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Title: Nutritional and hormonal biomarkers in prostate cancer epidemiology
Author: Price, Alison Jane
Awarding Body: University of Oxford
Current Institution: University of Oxford
Date of Award: 2012
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Evidence from international comparisons and migrant studies suggest that environmental factors, such as a Western diet, may be important in prostate cancer development, possibly through effects on hormone and growth factor secretion and metabolism. However, despite considerable research, convincing associations between diet and risk for prostate cancer have not been established. Random and systematic measurement error in dietary assessment using traditional survey methods may contribute to inconsistent findings, particularly as they may not capture adequately specific nutritional constituents of the diet that may be associated with risk, such as fatty acids or vitamins. Validated biomarkers of nutritional factors and hormonal activity, as used in this thesis, provide more precise, objective and integrated measures of exposure, with the capacity to clarify potential mechanisms in the causal pathway of prostate cancer development. Nutritional and hormonal biomarkers investigated for their potential role in the development of prostate cancer include: folate and vitamin B12, which are essential for DNA methylation, repair and synthesis; phytanic acid, obtained predominantly from ruminant fat intake and associated with an enzyme (α-Methylacyl-Coenzyme A Racemase (AMACR)) that is consistently over-expressed in prostate cancer tissue; and insulin-like growth factor (IGF-I), a growth factor influenced by diet and involved in the regulation of cell proliferation, differentiation, and apoptosis. All work presented in this thesis is from the European Prospective Investigation into Cancer and Nutrition (EPIC) study of 500,000 European men and women, using prospectively collected diet and lifestyle data and biological samples. The large number of prostate cancer cases diagnosed during long-term follow-up of EPIC participants enabled investigation of heterogeneity in risk for prostate cancer by time from recruitment to diagnosis (of particular importance for a disease with a long pre-clinical phase) and cancer characteristics such as disease grade and stage. Plasma phytanic acid concentration was highly correlated with dietary intake of fat from dairy products (r = 0.46) and beef (r = 0.30); capturing differences between countries in consumption of fat from these foods. Although phytanic acid is a useful biomarker of ruminant fat consumption, there was little evidence to support the hypothesis that the association between dairy products and prostate cancer risk (as suggested by previous work in EPIC and other studies) is mediated by phytanic acid (OR for doubling in concentration 1.05; 95%CI 0.91 – 1.21; P trend = 0.53). There was strong evidence for an association between higher circulating IGF-I concentration and risk for prostate cancer (OR for highest versus lowest fourth 1.69; 95% CI: 1.35, 2.13; P trend = 0.0002). Furthermore, the positive association observed among men diagnosed with advanced stage disease and among men diagnosed more than seven years after blood collection, supports the hypothesis that high IGF-I concentration is associated with clinically significant prostate cancer many years before diagnosis. There was no evidence of an association between prostate cancer risk and dietary folate or vitamin B12 intake, or between circulating levels of folate (OR for doubling in concentration 1.05; 95%CI 0.95 – 1.15; P trend = 0.33) or vitamin B12 (1.05; 95%CI 0.92 – 1.21; P trend = 0.47) and only limited evidence for an increased risk associated with elevated vitamin B12 in a meta-analysis of six prospective studies, that included the present study. All of these analyses were based on a blood sample taken at one point in time, with the assumption that this reflects the ‘true’ underlying concentration over the long-term. The poor to modest reliability estimates (intra-class correlation coefficients ranging from 0.18 to 0.48) for circulating concentrations of folate, IGF-I, phytanic acid and vitamin B12 taken in samples approximately six years apart in a sub-sample of participants from EPIC Oxford, show that estimates of usual concentrations based on a single blood measurement weaken the ability to detect associations with disease risk. Where small effect sizes are anticipated, this may bias associations toward the null. In conclusion, there is convincing evidence that IGF-I is an important and potentially modifiable risk factor for prostate cancer many years before diagnosis. However, there is little evidence for an association between biomarkers of folate, vitamin B12 and phytanic acid concentrations and risk for prostate cancer. Future studies should, where possible, incorporate multiple blood samples taken several years apart to better characterise long term relationships between biomarkers of nutritional and hormonal exposure and disease risk and pool individual participant data from multiple prospective studies to strengthen the power to detect modest associations.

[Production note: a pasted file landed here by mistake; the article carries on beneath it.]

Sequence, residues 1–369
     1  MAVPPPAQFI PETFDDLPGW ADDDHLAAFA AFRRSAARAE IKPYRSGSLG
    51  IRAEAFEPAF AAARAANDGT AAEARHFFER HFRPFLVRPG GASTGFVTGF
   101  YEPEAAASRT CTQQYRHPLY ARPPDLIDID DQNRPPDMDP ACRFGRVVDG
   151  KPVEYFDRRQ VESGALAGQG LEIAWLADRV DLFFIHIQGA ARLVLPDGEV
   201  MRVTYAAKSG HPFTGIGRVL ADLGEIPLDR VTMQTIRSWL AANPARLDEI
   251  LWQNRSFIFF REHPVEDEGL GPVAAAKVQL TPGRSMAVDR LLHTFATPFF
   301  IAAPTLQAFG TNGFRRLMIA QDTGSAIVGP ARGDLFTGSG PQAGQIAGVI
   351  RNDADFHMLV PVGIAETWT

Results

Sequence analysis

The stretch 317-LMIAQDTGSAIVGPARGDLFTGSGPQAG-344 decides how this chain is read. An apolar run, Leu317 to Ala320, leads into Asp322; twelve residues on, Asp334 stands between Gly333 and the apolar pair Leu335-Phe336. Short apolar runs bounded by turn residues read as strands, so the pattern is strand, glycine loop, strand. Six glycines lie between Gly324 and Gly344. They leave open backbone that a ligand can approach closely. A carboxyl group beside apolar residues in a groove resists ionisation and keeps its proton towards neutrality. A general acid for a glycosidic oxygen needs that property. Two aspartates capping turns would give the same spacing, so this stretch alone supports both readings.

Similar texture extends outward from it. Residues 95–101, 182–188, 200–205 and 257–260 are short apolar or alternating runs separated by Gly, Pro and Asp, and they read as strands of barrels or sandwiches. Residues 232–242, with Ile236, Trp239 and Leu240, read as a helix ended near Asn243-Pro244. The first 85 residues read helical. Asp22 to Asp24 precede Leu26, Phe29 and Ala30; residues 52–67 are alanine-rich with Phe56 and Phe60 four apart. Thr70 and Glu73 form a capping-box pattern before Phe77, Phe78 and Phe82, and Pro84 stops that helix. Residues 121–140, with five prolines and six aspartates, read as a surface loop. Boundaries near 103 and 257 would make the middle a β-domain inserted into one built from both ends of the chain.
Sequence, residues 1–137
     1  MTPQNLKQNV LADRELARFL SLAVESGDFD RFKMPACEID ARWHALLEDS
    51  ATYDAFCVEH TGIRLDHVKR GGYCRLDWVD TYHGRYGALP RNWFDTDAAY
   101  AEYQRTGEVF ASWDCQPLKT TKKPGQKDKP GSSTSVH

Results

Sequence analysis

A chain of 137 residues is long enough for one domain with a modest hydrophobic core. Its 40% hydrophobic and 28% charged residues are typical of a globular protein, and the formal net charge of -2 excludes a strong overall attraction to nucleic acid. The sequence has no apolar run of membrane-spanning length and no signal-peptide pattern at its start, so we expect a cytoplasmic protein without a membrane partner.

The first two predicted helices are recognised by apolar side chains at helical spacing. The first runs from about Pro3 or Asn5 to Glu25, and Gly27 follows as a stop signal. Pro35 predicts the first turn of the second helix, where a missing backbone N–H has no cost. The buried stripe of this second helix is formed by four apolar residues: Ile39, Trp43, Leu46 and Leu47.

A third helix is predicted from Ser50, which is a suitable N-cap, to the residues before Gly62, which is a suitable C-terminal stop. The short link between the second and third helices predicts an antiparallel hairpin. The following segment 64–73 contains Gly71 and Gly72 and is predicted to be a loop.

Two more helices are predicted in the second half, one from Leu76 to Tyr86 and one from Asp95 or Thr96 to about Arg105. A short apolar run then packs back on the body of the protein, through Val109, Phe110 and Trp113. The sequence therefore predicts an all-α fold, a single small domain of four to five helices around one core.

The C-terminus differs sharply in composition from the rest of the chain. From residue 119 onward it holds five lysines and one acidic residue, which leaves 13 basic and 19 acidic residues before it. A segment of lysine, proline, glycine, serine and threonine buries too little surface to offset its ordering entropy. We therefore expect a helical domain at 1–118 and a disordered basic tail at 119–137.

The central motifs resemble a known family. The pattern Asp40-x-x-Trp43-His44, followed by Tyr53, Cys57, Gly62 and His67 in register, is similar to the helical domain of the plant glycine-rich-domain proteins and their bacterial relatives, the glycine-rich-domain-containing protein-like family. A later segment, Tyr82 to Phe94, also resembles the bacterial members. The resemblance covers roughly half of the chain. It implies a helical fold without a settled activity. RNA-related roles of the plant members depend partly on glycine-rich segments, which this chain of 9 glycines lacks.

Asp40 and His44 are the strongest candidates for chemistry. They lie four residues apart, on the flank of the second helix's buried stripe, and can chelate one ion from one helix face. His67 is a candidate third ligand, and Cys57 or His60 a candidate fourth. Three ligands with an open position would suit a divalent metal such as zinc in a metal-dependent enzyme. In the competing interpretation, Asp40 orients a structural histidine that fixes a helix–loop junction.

Supervisor: Key, Tim ; Allen, Naomi Sponsor: Cancer Research UK
Qualification Name: Thesis (Ph.D.) Qualification Level: Doctoral
EThOS ID:  DOI: Not available
Keywords: prostate ; cancer ; epidemiology ; biomarkers